There are no easy answers to the freebies issue
The recent petition over the merits of freebies raised questions over its rationality. But the presumption that political parties are oriented towards short-term political gains without any thought for the future may be incorrect.
Merit versus non-merit:
- It is not easy to evaluate the merit of any freebie (a word used to describe subsidized consumption). For example, the welfare effect of a scheme of free bicycles for children or a mid-day meal scheme may look like a cheap electoral bribe. But those familiar with rural areas would know that poor transport is a serious obstacle to attending school or college.
- The Supreme court in Subramaniam Balaji's judgment has remarked that it is for the state to decide about framing a scheme to benefit the people and the role of the court is limited. The concepts of livelihood and standard of living are bound to change in their content from time to time. It is factual that what was once considered to be a luxury has become a necessity in the present day. Judicial interference is permissible when the action of the government is unconstitutional and not when such action is not wise or when the extent of expenditure is not for the good of the State.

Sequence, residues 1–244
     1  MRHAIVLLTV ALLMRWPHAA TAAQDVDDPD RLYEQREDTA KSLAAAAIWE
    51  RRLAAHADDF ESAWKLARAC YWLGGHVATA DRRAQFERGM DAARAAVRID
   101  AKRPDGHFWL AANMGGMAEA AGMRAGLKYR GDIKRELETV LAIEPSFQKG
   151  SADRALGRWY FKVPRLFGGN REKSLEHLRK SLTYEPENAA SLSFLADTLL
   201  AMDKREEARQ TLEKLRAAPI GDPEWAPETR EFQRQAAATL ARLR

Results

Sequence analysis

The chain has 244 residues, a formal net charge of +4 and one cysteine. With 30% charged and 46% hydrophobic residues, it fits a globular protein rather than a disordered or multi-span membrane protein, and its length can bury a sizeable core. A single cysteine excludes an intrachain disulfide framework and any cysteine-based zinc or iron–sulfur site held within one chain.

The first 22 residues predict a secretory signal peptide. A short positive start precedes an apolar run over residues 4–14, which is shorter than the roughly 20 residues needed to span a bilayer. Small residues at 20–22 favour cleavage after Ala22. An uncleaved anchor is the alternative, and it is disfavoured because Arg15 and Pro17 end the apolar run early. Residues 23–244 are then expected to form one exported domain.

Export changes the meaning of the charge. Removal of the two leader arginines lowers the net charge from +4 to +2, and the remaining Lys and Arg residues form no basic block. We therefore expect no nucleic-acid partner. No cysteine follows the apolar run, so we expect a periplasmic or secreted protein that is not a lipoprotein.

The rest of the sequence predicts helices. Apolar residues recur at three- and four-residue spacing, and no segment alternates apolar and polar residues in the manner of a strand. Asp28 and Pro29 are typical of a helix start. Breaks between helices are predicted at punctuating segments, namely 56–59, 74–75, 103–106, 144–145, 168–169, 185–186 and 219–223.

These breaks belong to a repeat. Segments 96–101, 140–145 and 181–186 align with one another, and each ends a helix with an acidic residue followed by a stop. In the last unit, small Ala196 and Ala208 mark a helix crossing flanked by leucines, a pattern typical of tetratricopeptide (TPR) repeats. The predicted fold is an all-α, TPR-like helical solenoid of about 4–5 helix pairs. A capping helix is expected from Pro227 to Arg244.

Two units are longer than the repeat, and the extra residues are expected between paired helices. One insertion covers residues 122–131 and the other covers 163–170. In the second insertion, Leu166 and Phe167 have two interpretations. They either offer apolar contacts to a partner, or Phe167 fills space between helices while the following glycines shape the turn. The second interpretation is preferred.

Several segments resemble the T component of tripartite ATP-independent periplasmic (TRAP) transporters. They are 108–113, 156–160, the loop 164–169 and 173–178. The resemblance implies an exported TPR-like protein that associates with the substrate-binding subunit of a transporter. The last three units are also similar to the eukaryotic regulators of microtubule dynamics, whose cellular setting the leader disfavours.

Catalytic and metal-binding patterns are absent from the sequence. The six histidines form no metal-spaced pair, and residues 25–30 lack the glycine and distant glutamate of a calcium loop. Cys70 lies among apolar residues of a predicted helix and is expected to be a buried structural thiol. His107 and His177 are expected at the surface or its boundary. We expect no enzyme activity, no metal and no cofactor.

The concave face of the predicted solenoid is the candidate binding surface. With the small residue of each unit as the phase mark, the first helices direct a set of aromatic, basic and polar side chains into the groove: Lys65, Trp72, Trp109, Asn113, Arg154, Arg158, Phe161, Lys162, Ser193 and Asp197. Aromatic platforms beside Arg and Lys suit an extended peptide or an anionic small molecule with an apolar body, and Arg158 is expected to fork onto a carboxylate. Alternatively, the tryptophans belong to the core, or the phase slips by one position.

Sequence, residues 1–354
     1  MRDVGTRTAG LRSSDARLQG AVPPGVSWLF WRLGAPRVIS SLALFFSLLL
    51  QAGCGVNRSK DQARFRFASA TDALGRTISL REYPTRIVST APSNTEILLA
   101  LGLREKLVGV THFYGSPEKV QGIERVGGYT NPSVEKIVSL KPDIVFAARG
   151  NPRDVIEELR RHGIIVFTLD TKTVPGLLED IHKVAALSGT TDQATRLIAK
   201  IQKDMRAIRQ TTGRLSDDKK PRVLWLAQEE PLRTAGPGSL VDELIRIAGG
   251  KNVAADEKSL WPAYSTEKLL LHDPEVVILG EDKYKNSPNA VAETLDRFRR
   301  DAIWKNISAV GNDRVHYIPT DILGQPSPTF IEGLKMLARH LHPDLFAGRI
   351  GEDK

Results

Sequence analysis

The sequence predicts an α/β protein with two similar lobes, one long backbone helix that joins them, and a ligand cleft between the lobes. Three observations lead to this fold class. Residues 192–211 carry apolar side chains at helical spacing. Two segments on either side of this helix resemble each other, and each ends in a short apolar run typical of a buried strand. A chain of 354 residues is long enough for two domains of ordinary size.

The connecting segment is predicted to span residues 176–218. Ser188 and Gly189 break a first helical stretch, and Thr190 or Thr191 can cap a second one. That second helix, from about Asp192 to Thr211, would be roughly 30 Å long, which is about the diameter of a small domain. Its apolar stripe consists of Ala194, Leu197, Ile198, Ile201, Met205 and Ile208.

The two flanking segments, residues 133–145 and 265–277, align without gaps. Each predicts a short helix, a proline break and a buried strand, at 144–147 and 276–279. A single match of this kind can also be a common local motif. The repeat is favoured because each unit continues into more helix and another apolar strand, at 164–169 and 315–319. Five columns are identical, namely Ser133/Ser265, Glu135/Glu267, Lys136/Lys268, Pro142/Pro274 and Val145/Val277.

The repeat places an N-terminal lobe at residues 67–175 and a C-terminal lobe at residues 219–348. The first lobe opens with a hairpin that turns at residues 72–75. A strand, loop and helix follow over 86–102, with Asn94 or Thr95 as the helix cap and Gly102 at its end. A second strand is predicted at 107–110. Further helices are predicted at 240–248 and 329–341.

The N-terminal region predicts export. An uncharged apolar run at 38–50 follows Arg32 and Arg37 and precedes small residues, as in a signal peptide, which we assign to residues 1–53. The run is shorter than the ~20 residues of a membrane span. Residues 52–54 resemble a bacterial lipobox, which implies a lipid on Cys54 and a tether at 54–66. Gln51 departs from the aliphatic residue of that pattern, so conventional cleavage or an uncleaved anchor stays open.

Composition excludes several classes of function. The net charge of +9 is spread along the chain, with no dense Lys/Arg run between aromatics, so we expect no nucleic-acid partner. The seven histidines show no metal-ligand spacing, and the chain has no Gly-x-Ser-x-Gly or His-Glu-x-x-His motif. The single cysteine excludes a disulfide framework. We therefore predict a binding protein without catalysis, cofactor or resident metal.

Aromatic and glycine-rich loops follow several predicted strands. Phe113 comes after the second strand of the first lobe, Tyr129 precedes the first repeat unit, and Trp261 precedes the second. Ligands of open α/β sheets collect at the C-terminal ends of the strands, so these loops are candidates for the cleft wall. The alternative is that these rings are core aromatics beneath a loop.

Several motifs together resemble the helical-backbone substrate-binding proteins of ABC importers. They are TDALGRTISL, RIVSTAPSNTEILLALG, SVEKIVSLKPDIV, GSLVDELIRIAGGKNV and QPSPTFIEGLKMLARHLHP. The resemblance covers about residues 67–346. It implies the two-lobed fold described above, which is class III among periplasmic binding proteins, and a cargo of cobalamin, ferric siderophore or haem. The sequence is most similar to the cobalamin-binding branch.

Reason for constituting a three-bench to revisit S. Subramaniam Balaji's judgment:
Although the crucial questions on freebies have been answered substantially in the previous judgments. However, in the present petition, a new issue has been posed, namely, the potential for freebies to undermine public finances. What is to stop a political party from promising freebies to get elected and leave behind a bankrupt economy? That seems to be the motivation for having a three-judge Bench revisit S. Subramaniam Balaji.